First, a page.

Small Times magazine recognizes small tech in today’s world

ANN ARBOR, Mich., Nov. 10, 2003 — Recognizing the people, products and companies that are leading the growth of the micro and nanotechnology industry, Small Times Media announces its 2003 Small Times Magazine Best of Small Tech Awards. These awards represent the best of the best in nanotechnology, MEMS and microsystems.

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“The 2003 Small Times Magazine Best of Small Tech Award winners are impacting our lives,” said Steve Crosby, president and publisher of Small Times Media. “Our winners have found commercial success in small tech by playing a key role in homeland defense, launching one of the year’s few successful IPOs and helping to save a major corporation from bankruptcy.”

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The awards will be presented at the NanoCommerce 2003 conference in Chicago on Dec. 9.

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Best of Small Tech Award: Product

The true mark of an emerging technology is its integration into products. The winner of our 2003 Small Times Magazine Best of Small Tech Product Award is Cepheid’s GeneXpert. This microtechnology product is the monitor in a system that the U.S. Postal Service is using to help detect anthrax.

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Runners-up are Agilent Technologies’ film bulk acoustic resonator (FBAR) duplexer, Knowles Acoustics’ SiSonic microphone, LG Electronics’ Nano Carbon Ball and TheraSense’s FreeStyle blood glucose monitoring system.

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Company

Nano-Tex’s role in rescuing the textile firm Burlington Industries and its marketing successes earned it top honors in the Best of Small Tech company category. Nano-Tex produces polymers that attach to or wrap around fibers to make fabric stain-proof, wrinkle-free and absorbent. Nano-Tex’s stain-resistance technology is being incorporated into Gap, Old Navy and Brooks Brothers clothing lines. Nike Inc. is using Nano-Tex’s sweat-repellant technology for Tiger Woods golf pants.

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Runners-up are BEI Technologies, FormFactor, NanoOpto and Obducat AB.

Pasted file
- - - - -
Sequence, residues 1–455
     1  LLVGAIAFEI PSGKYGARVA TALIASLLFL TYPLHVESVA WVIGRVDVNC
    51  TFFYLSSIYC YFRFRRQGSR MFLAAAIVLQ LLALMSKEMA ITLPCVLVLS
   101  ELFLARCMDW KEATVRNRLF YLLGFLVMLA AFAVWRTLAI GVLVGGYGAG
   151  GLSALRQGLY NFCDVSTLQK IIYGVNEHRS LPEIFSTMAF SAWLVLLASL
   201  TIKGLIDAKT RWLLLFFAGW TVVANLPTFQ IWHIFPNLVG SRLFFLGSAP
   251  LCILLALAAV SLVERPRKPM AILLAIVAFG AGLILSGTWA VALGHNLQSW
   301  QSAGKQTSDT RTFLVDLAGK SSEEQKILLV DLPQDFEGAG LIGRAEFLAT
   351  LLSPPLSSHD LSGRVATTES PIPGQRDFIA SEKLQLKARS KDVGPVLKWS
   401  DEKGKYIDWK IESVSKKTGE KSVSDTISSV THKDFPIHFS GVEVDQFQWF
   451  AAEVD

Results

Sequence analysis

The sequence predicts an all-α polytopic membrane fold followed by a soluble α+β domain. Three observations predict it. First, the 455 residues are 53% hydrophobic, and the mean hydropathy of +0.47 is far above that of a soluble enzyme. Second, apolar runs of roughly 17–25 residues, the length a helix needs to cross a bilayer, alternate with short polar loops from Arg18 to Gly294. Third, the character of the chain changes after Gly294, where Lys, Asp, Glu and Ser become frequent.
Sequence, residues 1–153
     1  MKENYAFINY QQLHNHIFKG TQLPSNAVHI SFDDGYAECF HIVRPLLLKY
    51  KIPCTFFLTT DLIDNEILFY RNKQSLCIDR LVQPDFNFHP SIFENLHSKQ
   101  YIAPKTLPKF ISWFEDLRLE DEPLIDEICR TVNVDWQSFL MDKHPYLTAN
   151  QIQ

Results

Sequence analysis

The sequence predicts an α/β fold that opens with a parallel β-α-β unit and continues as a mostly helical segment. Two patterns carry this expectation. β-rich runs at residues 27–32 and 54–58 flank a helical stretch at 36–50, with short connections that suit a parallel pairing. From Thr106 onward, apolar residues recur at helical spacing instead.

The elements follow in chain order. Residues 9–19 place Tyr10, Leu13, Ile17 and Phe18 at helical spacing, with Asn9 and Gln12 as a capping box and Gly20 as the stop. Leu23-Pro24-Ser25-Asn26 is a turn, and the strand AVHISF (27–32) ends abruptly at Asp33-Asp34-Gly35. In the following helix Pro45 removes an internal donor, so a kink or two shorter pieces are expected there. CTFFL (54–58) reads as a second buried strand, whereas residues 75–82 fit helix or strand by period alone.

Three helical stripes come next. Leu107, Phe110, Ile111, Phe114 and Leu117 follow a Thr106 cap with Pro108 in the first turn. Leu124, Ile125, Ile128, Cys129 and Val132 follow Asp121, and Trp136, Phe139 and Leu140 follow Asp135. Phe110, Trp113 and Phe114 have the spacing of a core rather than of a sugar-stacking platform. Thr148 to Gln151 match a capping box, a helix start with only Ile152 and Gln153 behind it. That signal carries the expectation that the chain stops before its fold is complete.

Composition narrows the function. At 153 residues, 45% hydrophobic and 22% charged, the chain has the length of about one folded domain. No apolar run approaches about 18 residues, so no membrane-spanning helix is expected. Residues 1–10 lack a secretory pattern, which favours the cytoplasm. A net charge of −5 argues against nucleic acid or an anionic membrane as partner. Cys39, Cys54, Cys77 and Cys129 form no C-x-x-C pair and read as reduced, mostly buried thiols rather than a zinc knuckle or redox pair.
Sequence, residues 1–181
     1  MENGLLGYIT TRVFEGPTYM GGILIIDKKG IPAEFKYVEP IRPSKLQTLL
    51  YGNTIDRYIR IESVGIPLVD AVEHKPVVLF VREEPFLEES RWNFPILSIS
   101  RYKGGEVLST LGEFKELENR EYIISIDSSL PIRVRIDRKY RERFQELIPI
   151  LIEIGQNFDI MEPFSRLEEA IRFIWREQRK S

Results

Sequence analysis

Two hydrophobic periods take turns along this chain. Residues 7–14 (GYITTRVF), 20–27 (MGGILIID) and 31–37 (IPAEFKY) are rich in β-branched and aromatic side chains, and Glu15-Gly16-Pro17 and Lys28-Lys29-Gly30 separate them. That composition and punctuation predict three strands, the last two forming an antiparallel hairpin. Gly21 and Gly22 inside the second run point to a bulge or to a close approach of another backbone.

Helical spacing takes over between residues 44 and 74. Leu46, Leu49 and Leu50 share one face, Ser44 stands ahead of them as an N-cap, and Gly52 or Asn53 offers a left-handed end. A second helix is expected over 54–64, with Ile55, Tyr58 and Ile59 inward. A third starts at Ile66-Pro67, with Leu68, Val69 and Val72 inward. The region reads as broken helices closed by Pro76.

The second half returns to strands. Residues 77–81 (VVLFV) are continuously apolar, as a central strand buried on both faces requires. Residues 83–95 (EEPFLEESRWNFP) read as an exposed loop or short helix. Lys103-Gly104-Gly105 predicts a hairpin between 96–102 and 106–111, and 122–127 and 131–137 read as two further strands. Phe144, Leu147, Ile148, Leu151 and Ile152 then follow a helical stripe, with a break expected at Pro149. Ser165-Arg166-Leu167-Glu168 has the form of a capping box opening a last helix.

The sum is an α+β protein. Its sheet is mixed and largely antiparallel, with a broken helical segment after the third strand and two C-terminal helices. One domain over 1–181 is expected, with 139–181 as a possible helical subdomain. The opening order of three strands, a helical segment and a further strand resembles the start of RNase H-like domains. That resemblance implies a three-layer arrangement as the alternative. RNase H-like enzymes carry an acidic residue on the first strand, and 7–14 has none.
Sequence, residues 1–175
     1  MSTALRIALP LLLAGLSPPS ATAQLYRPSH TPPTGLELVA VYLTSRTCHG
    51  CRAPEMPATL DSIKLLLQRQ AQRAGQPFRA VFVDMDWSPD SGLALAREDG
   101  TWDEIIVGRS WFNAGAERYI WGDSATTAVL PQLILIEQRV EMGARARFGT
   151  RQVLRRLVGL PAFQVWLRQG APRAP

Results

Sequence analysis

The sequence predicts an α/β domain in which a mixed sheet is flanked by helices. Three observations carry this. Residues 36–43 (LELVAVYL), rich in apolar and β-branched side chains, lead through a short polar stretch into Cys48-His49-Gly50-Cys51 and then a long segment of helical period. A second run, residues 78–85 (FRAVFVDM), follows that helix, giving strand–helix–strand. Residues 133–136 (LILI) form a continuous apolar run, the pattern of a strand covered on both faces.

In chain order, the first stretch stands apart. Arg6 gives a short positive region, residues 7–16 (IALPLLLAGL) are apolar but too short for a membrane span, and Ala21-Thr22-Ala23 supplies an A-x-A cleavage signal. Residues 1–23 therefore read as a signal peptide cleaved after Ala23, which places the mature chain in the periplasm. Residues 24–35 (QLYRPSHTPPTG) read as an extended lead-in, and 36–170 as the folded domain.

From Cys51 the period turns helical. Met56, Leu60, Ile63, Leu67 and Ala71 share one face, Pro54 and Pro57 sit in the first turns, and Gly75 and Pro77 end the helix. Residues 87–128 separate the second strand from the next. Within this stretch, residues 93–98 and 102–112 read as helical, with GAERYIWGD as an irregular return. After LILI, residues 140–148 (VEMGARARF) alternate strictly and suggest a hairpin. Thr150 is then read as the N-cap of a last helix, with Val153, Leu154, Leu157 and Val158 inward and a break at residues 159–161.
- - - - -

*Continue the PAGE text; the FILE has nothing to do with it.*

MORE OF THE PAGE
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Business Leader

The 2003 Small Times Magazine Best of Small Tech Business Leader succeeded in taking a small tech company public in a difficult economy. FormFactor CEO Igor Khandros built his company to answer an industry need, creating MEMS technology that connects test equipment to multiple chips still on a wafer, saving semiconductor manufacturers money.

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Runners-up are Larry Bock (Nanosys), Charles Harris (Harris & Harris), George Henderson (Burlington Industries) and Yang Zhao (MEMSIC).

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Researcher

A nanotechnology researcher from California won this year’s Small Times Magazine Best of Small Tech Researcher Award. Paul Alivisatos of University of California, Berkeley, designed a nanocrystal that is expected to improve the efficiency of hybrid plastic solar cells.

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Runners-up include Phaedon Avouris (IBM), Cees Dekker (Delft University of Technology), Masayoshi Esashi (Tohoku University) and Chad Mirkin (Northwestern University).

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Innovator

NEC’s Sumio Iijima’s work with carbon nanotubes and their applications earned him the title of 2003 Small Times Magazine Best of Small Tech Innovator. He is not only the first person to identify carbon nanotubes, but he successfully incorporated them into fuel cells for laptops.

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Runners-up include Stephen Fodor (Affymetrix), Lewis Gruber (Arryx), David Soane (Nano-Tex) and George Whitesides (Harvard University).

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Advocate

Steve Jurvetson of Draper Fisher Jurvetson is known for his knowledge, visionary zeal, outspoken support and willingness to invest in small tech. Unlike many investors, Jurvetson takes an active role as an industry proponent, speaking at conferences and authoring articles.

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Runners-up include Phil Bond (Department of Commerce), Marlene Bourne (In-Stat/MDR), Tim Harper (Cientifica) and Ottilia Saxl (Institute of Nanotechnology).

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Lifetime Achievement

Richard Smalley is a Nobel Prize winner, a Rice University professor, founder of Carbon Nanotechnologies Inc. and someone who has the ear of leaders in Washington. Smalley is best known for co-discovering buckyballs in the 1980s and developing a related molecule, the carbon nanotube. Now Richard Smalley is working to gain support in Washington for clean and affordable energy based on nanotechnology and other advancements.

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